When downtime isn’t an option
We’ve been designing mission critical facilities for more than a decade, so Turner engineers have a thorough understanding of all aspects of the work involved. They’re familiar with the architectural and structural design issues, and know the challenges that data center IT designs in particular can present.
Read about some of our mission critical projects.
Mission critical engineering requirements
Highly specialized facilities require specialized expertise. Turner’s engineers have substantial experience in designing all of the following.
- redundant cooling capabilities for extremely high heat densities
- extreme density cooling systems
- temperature and humidity control
- heat recovery
- low and medium voltage power distribution systems
- paralleled emergency power generation systems
- redundant UPS system design
- pre-action fire protection
- “Clean Agent” fire suppression systems (FM-200 systems)
An inside-out approach
Our approach to data center design differs from some others. We believe that collaborating upfront with facilities and IT staff is crucial to maximizing room efficiency and load density, while eliminating hot spots.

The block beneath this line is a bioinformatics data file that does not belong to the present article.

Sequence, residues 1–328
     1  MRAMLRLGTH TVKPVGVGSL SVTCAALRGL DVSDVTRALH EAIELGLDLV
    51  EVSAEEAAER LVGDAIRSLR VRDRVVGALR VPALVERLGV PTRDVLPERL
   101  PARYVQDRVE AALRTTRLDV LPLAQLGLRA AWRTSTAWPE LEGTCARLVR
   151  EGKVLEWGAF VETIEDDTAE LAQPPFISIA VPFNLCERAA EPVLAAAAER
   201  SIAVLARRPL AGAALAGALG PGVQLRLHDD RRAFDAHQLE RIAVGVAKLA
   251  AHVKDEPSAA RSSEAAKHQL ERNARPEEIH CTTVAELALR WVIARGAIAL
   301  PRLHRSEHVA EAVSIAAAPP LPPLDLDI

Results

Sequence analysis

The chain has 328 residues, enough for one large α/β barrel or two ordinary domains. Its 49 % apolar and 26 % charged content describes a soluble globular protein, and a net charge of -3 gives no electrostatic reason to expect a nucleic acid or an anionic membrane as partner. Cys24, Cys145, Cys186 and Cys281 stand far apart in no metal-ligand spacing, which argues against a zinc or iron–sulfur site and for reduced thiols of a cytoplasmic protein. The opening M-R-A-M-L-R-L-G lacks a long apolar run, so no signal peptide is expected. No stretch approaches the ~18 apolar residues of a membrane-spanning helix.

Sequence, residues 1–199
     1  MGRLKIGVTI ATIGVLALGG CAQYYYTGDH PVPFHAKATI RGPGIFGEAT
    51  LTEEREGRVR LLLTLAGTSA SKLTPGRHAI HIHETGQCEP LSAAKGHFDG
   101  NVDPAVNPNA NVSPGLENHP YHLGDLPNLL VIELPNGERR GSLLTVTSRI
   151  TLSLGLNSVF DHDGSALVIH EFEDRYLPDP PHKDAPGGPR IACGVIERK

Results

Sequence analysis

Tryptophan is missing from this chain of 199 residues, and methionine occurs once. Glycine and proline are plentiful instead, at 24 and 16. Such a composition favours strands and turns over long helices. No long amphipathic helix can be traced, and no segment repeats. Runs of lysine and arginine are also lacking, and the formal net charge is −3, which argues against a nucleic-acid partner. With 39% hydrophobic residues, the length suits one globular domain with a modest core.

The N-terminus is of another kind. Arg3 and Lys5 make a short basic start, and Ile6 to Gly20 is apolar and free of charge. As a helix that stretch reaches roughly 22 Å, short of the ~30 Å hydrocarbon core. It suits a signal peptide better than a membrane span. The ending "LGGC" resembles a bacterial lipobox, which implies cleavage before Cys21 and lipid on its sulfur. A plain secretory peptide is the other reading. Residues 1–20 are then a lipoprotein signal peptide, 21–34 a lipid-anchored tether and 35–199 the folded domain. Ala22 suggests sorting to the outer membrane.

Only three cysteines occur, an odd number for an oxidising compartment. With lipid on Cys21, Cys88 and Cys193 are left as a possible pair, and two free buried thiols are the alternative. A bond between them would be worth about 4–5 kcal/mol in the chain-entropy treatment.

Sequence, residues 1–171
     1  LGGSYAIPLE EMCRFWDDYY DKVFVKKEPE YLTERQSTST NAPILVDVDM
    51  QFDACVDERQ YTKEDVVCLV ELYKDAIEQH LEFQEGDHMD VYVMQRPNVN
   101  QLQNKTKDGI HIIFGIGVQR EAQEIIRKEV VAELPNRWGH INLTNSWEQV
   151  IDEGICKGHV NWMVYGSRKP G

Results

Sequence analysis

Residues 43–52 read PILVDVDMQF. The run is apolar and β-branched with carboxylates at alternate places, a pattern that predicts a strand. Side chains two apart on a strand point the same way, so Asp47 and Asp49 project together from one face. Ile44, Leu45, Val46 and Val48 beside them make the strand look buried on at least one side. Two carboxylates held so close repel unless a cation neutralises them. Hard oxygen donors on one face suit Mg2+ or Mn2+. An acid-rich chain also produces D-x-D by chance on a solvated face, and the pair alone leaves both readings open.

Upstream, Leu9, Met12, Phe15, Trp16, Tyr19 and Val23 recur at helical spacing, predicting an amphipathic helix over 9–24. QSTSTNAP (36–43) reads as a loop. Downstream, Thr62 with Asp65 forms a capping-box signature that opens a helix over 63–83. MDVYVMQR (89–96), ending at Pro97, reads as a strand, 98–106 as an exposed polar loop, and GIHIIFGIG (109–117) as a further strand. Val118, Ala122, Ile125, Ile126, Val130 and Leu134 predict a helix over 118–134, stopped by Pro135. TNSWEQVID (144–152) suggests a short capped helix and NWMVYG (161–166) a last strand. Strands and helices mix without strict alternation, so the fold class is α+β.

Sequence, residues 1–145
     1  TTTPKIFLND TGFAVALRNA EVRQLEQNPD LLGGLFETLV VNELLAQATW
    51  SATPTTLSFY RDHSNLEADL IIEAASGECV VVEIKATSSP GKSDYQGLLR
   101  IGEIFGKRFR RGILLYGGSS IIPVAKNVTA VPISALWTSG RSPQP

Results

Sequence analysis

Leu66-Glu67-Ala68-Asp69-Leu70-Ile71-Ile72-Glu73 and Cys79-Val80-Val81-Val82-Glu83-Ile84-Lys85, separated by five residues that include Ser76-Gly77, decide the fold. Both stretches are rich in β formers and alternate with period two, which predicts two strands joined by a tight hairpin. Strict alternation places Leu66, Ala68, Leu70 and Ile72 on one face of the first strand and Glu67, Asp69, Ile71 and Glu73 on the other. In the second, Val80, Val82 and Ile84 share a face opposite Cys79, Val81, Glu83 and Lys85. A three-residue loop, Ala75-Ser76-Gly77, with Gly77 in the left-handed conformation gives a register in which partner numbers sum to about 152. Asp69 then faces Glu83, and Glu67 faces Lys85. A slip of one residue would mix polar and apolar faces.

By developing a detailed picture of the number of racks involved and how they need to be placed (in a hot aisle/cold aisle configuration), we “rightsize” the systems and features in the space, including overhead, “extreme density” HVAC systems, UPS systems, generators, raised floors, perforated floor tiles, and any other equipment required.
In mission critical facilities, all the systems are interrelated, and we make sure they’re sized proportionally for optimal performance.
Redundancy and scalability
Our systems are designed to maximize redundancy and to provide scalability so that HVAC, UPS, and emergency power systems can grow as more equipment is added.
Scalability means that your data center can be constructed for a relatively low initial cost, while allowing for substantial growth over time. Your capital goes to work for you, rather than be held captive in systems that sit idle for years, waiting to be needed. And designing with the future in mind means that expansion doesn’t have to require downtime, either.